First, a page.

GATES MILLS — Council is taking steps to move forward with a master plan after many residents spoke out against a proposed housing development in the village.

In April, dozens of residents turned out at the Planning and Zoning Commission meeting and the council meeting to share their concerns with a proposed housing development on Chagrin River Road. The informal plan called for 16 homes on 16.5 acres, which does not comply with the village’s 5-acre per residence minimum. Mayor Karen Schneider and council members said that the plan would not move forward because it did not receive enough support from council.

In an interview on Monday, Mayor Schneider and Councilwoman Nancy Sogg, chairwoman of the planning commission, emphasized that there was never a “formal request” for variances or rezoning of the property, which is owned by Nick Lemmo.

“There were no variances and there was no ordinance,” Ms. Sogg said. “We just had a discussion.”

The Gates Mills Residents for Responsible Village Development collectively wrote a letter that was signed by resident Holly Mathews and sent to Mayor Schneider and each of the seven council members. The letter stated three focus areas based on the discussion at the April council meeting including updating the master plan for the village, improving the transparency of the planning commission and allowing the citizens to vote on significant zoning changes.

In the letter, the residents also asked village officials to not change zoning laws until residents approved a new master plan. Residents also asked to be involved in the master planning process and to immediately start open communications with the community.

The letter was sent via email on April 22 and Ms. Mathews said that she did not receive a response from the mayor or most of the council members. She said that Councilman Larry Frankel sent her a copy of a letter that he also sent to the planning commission that was not in support of the housing development on Chagrin River Road, and Ms. Mathews said that she appreciated his response.

“A letter of acknowledgement of just having received the letter and some thoughts of what they think they’re going to do would have been nice,” she said. “We sent it out to be conciliatory. We didn’t want to start a fight.”

Ms. Mathews said that it feels like the mayor and council are downplaying the housing development that was proposed on Chagrin River Road.

“Our biggest complaint is that they have not been transparent and communicative, and not having a response highlighted that,” she added.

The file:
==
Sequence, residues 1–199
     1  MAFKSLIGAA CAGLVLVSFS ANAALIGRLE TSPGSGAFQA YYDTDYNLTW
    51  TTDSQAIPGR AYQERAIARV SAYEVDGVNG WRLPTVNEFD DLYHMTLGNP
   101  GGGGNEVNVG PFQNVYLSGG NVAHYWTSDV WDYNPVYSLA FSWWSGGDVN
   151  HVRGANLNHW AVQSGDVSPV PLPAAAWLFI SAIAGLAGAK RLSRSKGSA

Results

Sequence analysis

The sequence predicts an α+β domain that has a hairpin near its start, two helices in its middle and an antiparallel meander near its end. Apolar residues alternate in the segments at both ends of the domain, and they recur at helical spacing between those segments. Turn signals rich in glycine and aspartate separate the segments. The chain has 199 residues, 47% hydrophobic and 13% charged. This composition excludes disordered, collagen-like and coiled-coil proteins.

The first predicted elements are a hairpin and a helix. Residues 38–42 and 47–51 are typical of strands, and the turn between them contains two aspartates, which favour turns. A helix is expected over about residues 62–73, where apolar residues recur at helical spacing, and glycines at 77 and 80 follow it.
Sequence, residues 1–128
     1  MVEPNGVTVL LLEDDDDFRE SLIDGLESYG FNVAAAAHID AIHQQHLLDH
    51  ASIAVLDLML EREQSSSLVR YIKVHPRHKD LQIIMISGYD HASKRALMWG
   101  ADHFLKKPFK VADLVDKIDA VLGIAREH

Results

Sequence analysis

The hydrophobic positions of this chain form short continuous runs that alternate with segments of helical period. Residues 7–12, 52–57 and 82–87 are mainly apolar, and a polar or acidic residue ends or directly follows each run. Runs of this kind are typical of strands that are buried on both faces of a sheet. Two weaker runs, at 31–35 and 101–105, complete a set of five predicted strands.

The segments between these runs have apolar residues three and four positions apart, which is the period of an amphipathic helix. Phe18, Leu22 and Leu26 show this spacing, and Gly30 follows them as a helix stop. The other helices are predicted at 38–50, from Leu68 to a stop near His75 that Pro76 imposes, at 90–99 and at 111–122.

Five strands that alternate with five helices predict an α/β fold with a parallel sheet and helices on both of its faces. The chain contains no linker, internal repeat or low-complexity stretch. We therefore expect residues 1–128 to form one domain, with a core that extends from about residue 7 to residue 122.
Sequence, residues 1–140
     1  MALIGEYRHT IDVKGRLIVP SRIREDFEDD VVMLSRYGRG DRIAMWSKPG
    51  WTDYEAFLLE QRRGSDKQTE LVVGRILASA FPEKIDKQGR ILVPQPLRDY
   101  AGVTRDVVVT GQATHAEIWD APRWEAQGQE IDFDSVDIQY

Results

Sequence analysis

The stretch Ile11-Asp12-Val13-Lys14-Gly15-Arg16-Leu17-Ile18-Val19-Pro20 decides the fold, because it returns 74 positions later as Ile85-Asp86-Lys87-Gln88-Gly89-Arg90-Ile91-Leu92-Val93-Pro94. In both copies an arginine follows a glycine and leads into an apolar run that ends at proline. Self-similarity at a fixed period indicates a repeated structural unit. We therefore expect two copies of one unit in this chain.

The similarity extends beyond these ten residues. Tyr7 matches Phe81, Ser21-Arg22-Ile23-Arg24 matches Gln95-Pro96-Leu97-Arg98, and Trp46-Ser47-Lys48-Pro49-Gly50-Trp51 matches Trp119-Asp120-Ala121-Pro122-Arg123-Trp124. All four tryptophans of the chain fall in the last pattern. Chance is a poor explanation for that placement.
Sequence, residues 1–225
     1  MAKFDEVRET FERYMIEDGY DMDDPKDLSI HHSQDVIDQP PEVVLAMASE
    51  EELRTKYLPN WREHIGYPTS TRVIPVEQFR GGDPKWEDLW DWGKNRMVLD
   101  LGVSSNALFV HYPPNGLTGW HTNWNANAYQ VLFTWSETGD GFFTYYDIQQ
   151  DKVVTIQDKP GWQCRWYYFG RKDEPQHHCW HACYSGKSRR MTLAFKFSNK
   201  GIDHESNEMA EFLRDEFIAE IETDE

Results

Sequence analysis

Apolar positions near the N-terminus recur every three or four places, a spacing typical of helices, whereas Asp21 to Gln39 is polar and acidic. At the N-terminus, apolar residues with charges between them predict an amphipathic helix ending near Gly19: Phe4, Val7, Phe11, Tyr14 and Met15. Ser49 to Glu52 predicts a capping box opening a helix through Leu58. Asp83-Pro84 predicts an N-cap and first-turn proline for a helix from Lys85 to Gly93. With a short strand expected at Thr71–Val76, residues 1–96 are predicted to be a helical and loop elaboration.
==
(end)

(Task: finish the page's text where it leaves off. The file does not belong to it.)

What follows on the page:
Mayor Schneider said that she read the letter but did not respond to it because she is responding with her actions instead.

“We should really have an updated master plan,” she said.

After the April council meeting, she called the Cuyahoga County Planning Commission to begin the master planning process. Two representatives from the county planning commission spoke at the council meeting on Tuesday. She said that the village is looking for grant money to fund the master planning process and named Councilman Jay “Chip” AuWerter to head the selection committee. The committee will then create a larger group of participants in the master planning process to involve the community members.

Ms. Sogg said that she did not respond to the letter because the residents’ requests were already in place. She said that the planning commission is transparent by law and everything is on record in the meeting minutes. The residents mentioned that there should be a time for public comments at planning commission meetings, and Ms. Sogg said that residents can go to council meetings to share their thoughts.

“The function of planning and zoning is not to seek widespread input,” she said. “We’re following everything according to the rules now.”

Ms. Sogg said that she wants everyone to participate in the master planning process so the village can move forward with a plan that the residents support.

Julie Hullett has been a reporter for the Chagrin Valley Times since August of 2018 and covers Gates Mills, Hunting Valley, Moreland Hills, Orange, Pepper Pike and Woodmere. She graduated from John Carroll University with a journalism degree in 2018.

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